The last stage after the optimization and the transition stage is seen to be the green end stage where steel can be produced at or near zero emissions. Currently, the steel industry is still in the optimization stage, but steps have already been taken towards the next phase. However, much needs to change for it to be possible to achieve the green end stage. This would require, for example, the development and later introduction of new technologies as well as renewable electricity that is affordable and thus would encourage steelmakers to retire their existing blast furnaces (Ellis & Bao 2020).
In order for the steel industry to be able to meet its global energy and environmental targets, emissions must be reduced at least 50% by 2050. After reaching this step, efforts must be made to continuously reduce emissions towards zero emissions.
Figure 1. Percentage of global steelmaking processes.
Figure 1 shows the percentage of global steelmaking processes. The number of EAFs is seen to increase significantly in the future. In addition, of the technologies currently under development, hydrogen based DRI/EAF steelmaking is seen as the only possible route to carbon-free steelmaking. The use of hydrogen in the DRI process is not a new concept, as hydrogen makes up 60% of the reducing agent in current natural gas based DRI processes. (Ellis & Bao 2020) In the Middle East, for example, the DRI/EAF process route is widely used because natural gas is cheap and readily available (IEA 2020). Green Hydrogen can be used as an alternative reducing agent to produce DRI, which can be processed into steel using an EAF. The DRI steel mills that are being built today are designed to use hydrogen once it is available at a competitive price. In the future, the challenge will be to supply large quantities of renewable or green hydrogen to the steel industry, including distribution and storage infrastructure. (Ellis & Bao 2020) However, the use of green hydrogen together with renewable electricity from wind, solar or water in a DRI/EAF setup enables near carbon-free steelmaking.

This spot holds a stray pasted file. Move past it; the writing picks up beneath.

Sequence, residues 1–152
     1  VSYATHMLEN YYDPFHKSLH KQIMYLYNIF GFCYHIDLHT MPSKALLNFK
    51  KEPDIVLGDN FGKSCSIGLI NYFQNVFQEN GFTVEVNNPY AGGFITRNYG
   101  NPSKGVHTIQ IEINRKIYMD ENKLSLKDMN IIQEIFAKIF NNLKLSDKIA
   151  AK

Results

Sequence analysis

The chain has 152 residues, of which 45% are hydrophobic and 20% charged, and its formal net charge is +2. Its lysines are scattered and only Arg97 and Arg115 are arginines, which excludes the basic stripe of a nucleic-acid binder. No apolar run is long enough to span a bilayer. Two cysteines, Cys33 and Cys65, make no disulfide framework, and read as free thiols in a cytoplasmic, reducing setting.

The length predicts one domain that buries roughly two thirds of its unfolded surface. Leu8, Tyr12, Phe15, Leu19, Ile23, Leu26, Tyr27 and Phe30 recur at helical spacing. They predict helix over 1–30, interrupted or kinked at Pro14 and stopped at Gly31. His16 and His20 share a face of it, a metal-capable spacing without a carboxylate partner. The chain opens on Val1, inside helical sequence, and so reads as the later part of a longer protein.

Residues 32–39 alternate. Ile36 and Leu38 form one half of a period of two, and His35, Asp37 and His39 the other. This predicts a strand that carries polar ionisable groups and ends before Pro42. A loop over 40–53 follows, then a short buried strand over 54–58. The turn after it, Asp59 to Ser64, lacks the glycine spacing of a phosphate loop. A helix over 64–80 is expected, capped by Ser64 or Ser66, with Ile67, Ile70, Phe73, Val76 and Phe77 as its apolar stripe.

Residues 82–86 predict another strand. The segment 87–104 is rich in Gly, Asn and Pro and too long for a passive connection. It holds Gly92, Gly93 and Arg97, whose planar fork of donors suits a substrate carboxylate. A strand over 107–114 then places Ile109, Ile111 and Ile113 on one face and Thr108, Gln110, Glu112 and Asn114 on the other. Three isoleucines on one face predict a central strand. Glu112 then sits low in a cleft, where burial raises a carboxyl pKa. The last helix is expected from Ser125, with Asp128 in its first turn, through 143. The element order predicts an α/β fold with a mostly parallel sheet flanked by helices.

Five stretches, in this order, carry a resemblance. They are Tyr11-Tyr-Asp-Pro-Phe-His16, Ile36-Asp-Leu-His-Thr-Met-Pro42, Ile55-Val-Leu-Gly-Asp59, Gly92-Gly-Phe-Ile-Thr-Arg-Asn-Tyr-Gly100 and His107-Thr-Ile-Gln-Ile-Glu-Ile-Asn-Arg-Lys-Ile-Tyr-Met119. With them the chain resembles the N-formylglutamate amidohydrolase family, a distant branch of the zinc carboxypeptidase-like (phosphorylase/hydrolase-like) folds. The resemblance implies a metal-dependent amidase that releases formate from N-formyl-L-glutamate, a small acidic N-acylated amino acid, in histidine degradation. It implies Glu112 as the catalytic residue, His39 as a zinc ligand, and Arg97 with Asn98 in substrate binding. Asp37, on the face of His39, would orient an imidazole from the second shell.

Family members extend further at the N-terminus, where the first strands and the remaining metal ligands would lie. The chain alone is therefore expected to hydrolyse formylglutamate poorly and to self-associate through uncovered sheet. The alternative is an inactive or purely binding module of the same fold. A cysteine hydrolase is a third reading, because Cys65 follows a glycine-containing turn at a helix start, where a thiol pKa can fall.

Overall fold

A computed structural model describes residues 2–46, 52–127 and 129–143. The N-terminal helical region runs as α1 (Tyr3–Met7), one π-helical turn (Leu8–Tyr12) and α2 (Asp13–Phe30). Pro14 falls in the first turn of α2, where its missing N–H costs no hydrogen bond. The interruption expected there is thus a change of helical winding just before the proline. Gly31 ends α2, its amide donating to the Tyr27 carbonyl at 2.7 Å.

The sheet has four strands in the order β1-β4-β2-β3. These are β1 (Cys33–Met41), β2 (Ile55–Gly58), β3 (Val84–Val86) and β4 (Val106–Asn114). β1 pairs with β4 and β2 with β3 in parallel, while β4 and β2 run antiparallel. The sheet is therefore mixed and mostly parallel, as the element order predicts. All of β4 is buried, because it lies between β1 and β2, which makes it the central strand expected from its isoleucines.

This was the last part of the article series “Pathways to Decarbonization of Steel industry”. Major emission reductions are not possible without technological innovations that focus on reaching near-zero emissions in steelmaking. Luxmet is actively involved in various research and development projects (national and EU level), for example with the University of Oulu and other major research operators in Europe. We are involved in helping steel mills around the world achieve global energy and environmental goals and move towards carbon-free steel production.
Click here to read the first part of the article series.
Ellis, B. & Bao, W., 2021. Pathways to decarbonization episode two: steelmaking technology [online]. Available at: https://www.bhp.com/media-and-insights/prospects/2020/11/pathways-to-decarbonisation-episode-two-steelmaking-technology/ [Accessed 3 February 2021]
IEA 2020. Iron and Steel Technology Roadmap. France: Paris. Available at: https://www.iea.org/reports/iron-and-steel-technology-roadmap [Accessed 3 February 2021]